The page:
Placing a relative in a nursing home may be one of the most difficult decisions a family member can make. Families may be forced to make a sudden nursing home placement because of a drastic change in the person’s health condition, such as following a stroke or major illness. Or the placement may be a planned move that includes the older person in the decision making and selection process.
Families agonize over the decision after the placement is made for weeks, months and sometimes years, asking themselves was it the right decision? The right time? Could they have made it a little longer at home? Acceptance of the placement is eased sometimes if everyone involved feels that it was the last step in a process where many other alternatives were already tried. The family may have provided a high level of care in the home, utilized formal services, or tried residential care arrangements, but the elder still had unmet needs or questionable safety.
The physical and/or emotional health of the caregiver may also have been at risk. Every family has its own threshold at which they feel they can no longer continue to give adequate care. The problems that most frequently lead families to decide on nursing home placement are the ones that require 24-hour care, such as severe memory loss, incontinence, inability to transfer himself or herself, and unsafe behavior such as inability to take medications properly, wandering, or leaving the stove on.
Families feel a wide range of emotions when making this difficult decision. They often feel others will judge them, thinking they have abandoned their loved one. They experience guilt because they may have promised the elder never to place them in a nursing home. They may feel angry that there are no other options. They may experience grief over the physical or mental deterioration of their loved one.
Spouses may feel a sense of loss and depression about being separated from their partner. At a time of such intense change, the caregiver may experience anxiety and confusion. At the time of placement, they are constantly being asked to make unfamiliar and complicated decisions for another person’s well-being. Financial concerns are universal at the time of nursing home placement, and can be another source of anxiety.
There is a myth that families don’t care about their loved ones and “dump” elders into nursing homes because they don’t want to be burdened. Nothing could be further from the truth. Families provide 80 percent of the care required by older adults, and nationally only five percent of people 65+ reside in a long-term care facility.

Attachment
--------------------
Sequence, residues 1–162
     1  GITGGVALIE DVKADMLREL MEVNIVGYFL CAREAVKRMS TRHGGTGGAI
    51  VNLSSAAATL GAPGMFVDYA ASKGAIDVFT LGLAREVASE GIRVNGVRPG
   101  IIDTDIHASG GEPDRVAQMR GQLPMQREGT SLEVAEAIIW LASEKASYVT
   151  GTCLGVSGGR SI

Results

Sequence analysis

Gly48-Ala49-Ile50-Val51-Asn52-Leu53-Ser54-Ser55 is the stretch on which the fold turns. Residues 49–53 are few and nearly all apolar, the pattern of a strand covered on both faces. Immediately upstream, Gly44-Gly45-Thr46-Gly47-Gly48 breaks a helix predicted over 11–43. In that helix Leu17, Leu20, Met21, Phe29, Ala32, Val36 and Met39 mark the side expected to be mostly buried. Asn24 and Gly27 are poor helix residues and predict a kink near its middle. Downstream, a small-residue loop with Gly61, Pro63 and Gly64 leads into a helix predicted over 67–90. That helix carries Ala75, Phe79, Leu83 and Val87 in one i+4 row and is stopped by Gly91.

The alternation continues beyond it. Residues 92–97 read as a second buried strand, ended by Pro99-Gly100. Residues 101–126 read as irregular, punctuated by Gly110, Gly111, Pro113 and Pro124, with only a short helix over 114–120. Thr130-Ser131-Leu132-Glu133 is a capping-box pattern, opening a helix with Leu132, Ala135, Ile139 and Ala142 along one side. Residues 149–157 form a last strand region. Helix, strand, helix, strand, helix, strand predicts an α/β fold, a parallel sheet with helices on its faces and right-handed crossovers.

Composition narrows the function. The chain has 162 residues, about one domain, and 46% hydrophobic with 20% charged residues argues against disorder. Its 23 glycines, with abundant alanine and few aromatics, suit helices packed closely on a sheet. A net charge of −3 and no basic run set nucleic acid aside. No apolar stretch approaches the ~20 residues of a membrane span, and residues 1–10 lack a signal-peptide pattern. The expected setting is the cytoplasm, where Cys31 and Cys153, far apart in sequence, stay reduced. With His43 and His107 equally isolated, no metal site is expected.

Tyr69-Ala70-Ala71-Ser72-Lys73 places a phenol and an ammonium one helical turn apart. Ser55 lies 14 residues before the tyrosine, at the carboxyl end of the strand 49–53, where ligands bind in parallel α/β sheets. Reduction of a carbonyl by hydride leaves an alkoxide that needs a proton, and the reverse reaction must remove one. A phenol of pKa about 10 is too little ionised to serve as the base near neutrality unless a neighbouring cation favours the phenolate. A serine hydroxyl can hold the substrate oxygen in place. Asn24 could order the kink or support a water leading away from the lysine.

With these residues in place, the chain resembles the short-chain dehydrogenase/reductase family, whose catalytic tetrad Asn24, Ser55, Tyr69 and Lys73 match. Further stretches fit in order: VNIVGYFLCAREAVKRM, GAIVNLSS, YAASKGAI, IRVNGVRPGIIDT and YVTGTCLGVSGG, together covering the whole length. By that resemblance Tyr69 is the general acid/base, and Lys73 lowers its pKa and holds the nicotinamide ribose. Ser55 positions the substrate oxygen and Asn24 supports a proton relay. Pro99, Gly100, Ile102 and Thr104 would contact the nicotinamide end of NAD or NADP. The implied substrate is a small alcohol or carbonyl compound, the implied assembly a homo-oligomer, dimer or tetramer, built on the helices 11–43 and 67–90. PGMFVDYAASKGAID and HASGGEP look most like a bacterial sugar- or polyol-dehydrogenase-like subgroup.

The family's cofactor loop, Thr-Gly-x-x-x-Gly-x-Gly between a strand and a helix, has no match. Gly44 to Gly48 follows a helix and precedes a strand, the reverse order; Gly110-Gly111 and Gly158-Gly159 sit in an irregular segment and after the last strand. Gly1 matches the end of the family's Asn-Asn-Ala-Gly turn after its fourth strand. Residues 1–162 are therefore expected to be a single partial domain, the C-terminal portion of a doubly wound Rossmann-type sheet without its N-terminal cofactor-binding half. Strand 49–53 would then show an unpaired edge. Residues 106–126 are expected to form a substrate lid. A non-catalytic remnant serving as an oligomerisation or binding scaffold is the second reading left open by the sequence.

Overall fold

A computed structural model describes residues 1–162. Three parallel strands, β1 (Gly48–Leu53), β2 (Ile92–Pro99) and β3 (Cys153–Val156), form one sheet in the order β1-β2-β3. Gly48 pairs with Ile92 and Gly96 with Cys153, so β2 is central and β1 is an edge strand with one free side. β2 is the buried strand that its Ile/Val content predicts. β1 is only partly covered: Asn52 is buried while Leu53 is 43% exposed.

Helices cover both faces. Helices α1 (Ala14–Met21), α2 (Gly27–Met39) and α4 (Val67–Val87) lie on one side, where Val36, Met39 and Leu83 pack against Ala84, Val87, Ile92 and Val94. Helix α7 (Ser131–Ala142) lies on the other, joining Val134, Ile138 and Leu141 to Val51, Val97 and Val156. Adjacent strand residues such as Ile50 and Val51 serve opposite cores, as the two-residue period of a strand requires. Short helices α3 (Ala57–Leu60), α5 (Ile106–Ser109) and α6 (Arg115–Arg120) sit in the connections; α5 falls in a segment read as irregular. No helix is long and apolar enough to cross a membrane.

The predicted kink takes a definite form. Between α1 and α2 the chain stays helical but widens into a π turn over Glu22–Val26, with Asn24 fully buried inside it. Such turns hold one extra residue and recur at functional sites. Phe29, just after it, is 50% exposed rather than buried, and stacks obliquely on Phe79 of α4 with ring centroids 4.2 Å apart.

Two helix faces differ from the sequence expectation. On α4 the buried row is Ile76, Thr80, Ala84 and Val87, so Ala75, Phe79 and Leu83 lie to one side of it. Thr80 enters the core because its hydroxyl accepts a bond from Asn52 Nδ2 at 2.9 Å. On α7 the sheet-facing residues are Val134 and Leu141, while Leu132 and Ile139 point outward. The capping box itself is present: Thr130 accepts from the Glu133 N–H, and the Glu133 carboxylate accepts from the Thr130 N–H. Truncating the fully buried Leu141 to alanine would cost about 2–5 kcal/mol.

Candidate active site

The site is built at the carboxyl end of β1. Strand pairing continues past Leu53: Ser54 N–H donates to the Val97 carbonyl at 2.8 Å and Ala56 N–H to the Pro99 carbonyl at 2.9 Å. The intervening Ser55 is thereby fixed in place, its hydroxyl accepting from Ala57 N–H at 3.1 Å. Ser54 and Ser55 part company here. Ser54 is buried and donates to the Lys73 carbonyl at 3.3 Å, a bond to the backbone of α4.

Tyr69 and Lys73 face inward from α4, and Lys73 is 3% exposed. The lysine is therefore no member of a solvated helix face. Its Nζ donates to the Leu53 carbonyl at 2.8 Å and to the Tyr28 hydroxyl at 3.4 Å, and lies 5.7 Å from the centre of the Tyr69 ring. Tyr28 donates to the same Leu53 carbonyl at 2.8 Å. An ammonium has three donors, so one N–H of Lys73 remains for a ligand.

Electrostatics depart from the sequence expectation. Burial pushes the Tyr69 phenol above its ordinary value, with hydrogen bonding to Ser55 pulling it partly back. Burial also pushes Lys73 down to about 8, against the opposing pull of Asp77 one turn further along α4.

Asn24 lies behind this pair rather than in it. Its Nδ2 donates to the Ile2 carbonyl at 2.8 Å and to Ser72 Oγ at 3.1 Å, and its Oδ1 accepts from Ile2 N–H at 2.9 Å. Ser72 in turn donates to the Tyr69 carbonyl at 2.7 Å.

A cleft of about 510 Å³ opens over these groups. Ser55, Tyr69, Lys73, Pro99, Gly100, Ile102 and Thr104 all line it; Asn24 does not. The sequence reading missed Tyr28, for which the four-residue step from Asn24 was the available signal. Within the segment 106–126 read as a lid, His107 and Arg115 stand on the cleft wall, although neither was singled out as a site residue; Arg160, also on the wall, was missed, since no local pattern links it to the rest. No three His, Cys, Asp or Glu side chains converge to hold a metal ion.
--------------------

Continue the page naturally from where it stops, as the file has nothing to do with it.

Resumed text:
On the positive side, once the elderly person and their family get through the adjustment phase, the nursing home can be a good experience for both. The caregiver may experience some relief from no longer being solely responsible for meeting their loved one’s multiple needs. They may have their own health needs to attend, which may have been aggravated by the demands of caring for an relative.
The older person may become stronger, healthier and happier with better nutrition, medical attention, exercise, stimulation, and more social opportunities. The older person’s relationship with the family may improve as the day to day caregiving demands decrease.
Caregiving doesn’t end when the older person is in the nursing home, but it changes. Some of the stress of 24-hour caregiving is relieved, but the sense of responsibility does not go away. The quality of care in an institution can never be what it is in a person’s own home. Many caregivers continue to question the placement decision long after their family member is in the home.
Many caregivers visit frequently and provide a good deal of care. Caregiving becomes a partnership between the family and the nursing home staff. Ideally, this partnership can support the caregiver.
Selecting a Nursing Home
If your loved one is not entering a home during a crisis situation, you will have time to research and visit several nursing homes. You can get names of homes from the telephone book, your doctor, or local resources. Your choice of homes may be limited by waiting lists, location, or cost, but carefully exploring the options will allow you to make a wise and informed decision. Make sure you visit the nursing home, and take your loved one with you, if possible. Some things to look for and ask about:
- What levels of care are offered?
- What are the fees and charges?
- Does the home take Medicare and Medicaid?
- Does the home look and smell clean?
- Is the atmosphere pleasant?
- Do you see positive interactions between the staff and residents?
- Is the diet appealing?
- Is there a range of activities?
- Are call lights answered promptly?
- Are there support groups for residents and families?
Spend some time in the facility to get a sense of the atmosphere. Inspection reports are available through the State Health Department.
Once you have chosen the nursing home, make sure that you understand the contract. The home may have policies that their residents must have advanced directives regarding health care decisions, or have someone designated with a durable or health care power of attorney. You may want to consult with an attorney if you have questions about the contract or power of attorney. Every nursing home resident has a “Bill of Rights” that protects their civil rights in the facility.
To contact us here at the Alzheimer’s Care Resource Center
Please call us at (561) 588-4545. Thanks for watching today’s Wednesday Workshop and we’ll see you again next week!